Best Practices for Integrating Conversational Commerce into Retail

by Monica Eaton-Cardone on Nov 16, 2016 2:00:00 PM Retail

Conversational commerce—it’s one of the hottest marketing topics of 2016, and to be honest, there is a lot here to be excited about.

Technologies such as chat and messaging apps are especially valuable to marketers when it comes to reaching out to highly-coveted Millennial and Gen-Z consumers. In response, app developers are sending signals that conversational commerce will only grow more promising, with the makers of Snapchat, Facebook, and others adding such features as mobile wallets, in-app payments, and more.

However, simply deploying bots is not enough to convince consumers to complete a purchase; that process will need to be optimized in order to be effective.

By adopting the following best practices, businesses can ensure that they make the most of these new opportunities. 


Recognize the Nature of Conversational Commerce

First, it’s essential to understand that conversational commerce is not one distinct trend. What we call conversational commerce is actually several simultaneous marketing trends.

While they overlap in many regards, each trend is ultimately distinct and calls for a unique approach to maximize your efforts. These include SMS and push messages, which proactively reach out to consumers, as well as chatbots and old-fashioned human-based chats.

You can’t simply rely on A.I. and bots or automated advance notifications for all of your interactions. Trying to understand conversational commerce as one consistent idea will lead to most of your efforts being wasted.

Know Your Customer

Conversational commerce is a great way to expand into new markets and reach consumers who may not be responsive to traditional advertising. In order to achieve this goal it’s necessary to have some insight into your consumer demographics, as not all consumers utilize the same apps for communication. If you’re trying to reach a specific segment of the population—whether that’s based on location, age, or interest—demographic data can offer some valuable insight on the matter.

For example, while Facebook messenger is widely-used in the U.S., WeChat is the overwhelming favorite for Chinese consumers. Of course, if you’re looking to reach out to younger consumers, then Snapchat or Kik would be the best method. Identify who you’re trying to reach, then select the platform which best reflects that consumer.

Know Your Content

Once you’ve identified your consumer, as well as the platform on which you will be most effective at reaching those individuals, it’s time to identify the brand of content which will best engage them.

If you’re trying to reach Gen-Z consumers, you should recognize that these people engage most with video content; in contrast, professionals typically prefer written articles. It doesn’t really matter how hard you push your content—you will not be effective at reaching the desired audience if you’re pushing a kind of content they don’t care to see.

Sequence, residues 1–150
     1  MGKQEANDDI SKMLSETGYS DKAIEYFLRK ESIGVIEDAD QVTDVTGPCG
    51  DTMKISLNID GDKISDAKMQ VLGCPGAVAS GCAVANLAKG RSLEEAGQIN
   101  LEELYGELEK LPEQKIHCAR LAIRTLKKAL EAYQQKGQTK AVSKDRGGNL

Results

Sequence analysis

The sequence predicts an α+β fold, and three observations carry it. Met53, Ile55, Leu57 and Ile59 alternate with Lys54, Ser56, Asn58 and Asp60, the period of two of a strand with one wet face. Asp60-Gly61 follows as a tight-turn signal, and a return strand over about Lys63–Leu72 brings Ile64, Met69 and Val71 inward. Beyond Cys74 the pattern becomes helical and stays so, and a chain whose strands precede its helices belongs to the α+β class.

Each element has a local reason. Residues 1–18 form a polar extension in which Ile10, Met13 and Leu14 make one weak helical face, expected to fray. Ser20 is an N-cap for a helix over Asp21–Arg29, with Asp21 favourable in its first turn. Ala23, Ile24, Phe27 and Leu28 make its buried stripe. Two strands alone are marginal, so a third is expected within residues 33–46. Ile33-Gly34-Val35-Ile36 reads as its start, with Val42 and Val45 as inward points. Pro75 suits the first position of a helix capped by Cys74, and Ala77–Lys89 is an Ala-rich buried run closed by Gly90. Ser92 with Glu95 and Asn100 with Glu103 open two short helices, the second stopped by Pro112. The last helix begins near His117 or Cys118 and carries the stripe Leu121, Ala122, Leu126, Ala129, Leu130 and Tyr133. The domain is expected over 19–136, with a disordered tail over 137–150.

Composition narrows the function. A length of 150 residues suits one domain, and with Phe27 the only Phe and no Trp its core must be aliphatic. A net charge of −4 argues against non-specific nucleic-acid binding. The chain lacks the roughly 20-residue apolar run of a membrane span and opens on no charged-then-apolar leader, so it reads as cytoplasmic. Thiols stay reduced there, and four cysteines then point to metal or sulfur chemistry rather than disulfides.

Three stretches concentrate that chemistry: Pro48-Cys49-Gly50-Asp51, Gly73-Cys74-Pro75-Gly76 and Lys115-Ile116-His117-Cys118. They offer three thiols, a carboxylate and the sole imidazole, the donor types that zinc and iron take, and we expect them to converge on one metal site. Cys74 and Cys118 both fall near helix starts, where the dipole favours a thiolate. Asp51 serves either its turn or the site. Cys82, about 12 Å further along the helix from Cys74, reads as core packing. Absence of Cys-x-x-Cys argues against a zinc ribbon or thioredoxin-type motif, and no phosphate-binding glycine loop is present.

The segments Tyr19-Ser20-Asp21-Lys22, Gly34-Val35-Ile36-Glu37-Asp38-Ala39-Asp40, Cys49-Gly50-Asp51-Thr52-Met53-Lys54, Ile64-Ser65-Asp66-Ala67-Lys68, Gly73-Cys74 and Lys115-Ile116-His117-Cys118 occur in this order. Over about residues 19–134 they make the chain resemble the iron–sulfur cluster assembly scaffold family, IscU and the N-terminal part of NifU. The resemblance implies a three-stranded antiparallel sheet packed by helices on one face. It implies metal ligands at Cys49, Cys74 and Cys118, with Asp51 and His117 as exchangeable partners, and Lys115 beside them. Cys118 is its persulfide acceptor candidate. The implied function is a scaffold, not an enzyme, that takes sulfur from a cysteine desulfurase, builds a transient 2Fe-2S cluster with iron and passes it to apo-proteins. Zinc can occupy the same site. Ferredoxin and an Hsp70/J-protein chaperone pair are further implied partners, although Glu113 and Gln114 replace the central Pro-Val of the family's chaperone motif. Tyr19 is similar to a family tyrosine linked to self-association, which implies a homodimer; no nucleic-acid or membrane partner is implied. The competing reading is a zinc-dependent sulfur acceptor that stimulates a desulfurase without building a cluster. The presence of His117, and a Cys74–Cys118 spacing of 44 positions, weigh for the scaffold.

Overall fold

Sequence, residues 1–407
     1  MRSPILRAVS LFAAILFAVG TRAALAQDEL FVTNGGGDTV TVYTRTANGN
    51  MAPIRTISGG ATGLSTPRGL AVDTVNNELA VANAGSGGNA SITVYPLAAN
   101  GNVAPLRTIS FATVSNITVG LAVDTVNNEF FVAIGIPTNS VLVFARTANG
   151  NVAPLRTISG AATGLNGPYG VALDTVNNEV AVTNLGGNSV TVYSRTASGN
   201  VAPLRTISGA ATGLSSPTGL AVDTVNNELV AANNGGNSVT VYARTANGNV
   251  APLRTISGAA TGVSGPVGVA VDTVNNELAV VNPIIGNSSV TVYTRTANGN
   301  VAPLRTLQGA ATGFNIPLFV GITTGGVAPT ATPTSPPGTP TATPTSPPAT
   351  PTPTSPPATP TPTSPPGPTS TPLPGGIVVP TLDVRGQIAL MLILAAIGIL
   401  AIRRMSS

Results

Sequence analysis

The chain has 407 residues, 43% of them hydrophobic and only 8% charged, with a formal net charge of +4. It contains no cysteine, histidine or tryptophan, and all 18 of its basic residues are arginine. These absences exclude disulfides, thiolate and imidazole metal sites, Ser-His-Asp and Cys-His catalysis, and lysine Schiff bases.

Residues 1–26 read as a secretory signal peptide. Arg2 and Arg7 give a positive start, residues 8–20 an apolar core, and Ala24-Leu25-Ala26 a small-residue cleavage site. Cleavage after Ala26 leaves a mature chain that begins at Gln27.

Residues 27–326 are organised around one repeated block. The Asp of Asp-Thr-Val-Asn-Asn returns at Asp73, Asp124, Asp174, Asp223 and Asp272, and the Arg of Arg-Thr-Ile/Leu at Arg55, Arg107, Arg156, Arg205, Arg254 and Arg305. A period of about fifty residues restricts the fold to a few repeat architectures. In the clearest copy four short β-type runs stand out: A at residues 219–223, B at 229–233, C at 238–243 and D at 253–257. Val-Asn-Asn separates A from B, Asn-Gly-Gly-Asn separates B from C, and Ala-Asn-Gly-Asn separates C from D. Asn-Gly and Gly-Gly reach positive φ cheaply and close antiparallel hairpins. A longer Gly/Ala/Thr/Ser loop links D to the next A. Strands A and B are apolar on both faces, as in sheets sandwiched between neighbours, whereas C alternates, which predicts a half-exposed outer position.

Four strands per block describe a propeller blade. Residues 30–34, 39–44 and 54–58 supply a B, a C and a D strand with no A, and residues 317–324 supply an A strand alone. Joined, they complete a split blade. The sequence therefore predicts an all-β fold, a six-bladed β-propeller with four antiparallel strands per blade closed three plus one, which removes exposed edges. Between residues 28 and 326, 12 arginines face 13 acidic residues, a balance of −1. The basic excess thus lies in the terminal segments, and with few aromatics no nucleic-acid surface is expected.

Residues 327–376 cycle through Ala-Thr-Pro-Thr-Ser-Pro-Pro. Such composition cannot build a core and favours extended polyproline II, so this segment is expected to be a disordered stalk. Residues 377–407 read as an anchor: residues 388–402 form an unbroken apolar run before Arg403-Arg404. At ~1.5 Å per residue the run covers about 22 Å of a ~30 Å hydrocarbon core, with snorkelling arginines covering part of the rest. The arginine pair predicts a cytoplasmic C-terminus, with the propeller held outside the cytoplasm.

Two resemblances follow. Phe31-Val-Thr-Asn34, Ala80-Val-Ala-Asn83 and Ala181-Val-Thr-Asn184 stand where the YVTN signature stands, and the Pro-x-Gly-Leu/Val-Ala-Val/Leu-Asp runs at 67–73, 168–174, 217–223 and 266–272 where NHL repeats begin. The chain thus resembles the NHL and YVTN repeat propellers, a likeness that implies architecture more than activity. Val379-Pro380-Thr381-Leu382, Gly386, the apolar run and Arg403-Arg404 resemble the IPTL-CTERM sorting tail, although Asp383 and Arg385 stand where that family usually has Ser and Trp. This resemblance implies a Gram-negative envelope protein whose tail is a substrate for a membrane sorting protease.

Teach Your Technologies Well

You cannot set these technologies loose on the public without first preparing them to act accordingly and to make the right recommendations and responses to best represent your company.

When you deploy bots or other A.I. technologies, it’s essential to remember that they are only capable of mimicking what they see. Bots are tools capable of imitating intelligence but not actually developing it without guidance. Therefore, you want to ensure that the voice and tone these applications present is an accurate and positive representation of your brand.

Incorporate Content Marketing to Meet Micro-Moments

Mobile marketing is dominated by micro-moments—the reactive and instantaneous effort on the part of a consumer to fulfill a need. Whether that need is for information or for a product, being able to satisfy the customer’s need at the moment it develops is what matters.

In a successfully-leveraged micro-moment, a customer moves through several different phases:

  • “I want to know.”
  • “I want to do.”
  • “I want to buy.”

The key here is to provide the stellar level of content which draws in the customer, then backing that content with well-developed conversational technologies to further engage the consumer. The content draws the consumer’s interest and then the engagement converts them.

Improve the Process

Of course, because bots and other automated technologies depend on machine learning, these technologies can only grow smarter through use. Once you’ve begun to deploy tools for conversational commerce, it’s essential that you keep tabs on them to ensure that they function properly and that they reflect well on your brand. Constantly examine customer feedback and use it to make adjustments as you go along in order to better address customers’ expectations.

Conversational Commerce: Still the Early Stages

As mobile grows more dominant and A.I. technology becomes more sophisticated, you can expect to see much more of conversational commerce in coming years. By leveraging the technology effectively now, you can prepare your business for greater long-term success.

Monica Eaton-Cardone is Co-founder and COO of

Monica Eaton-Cardone's blog
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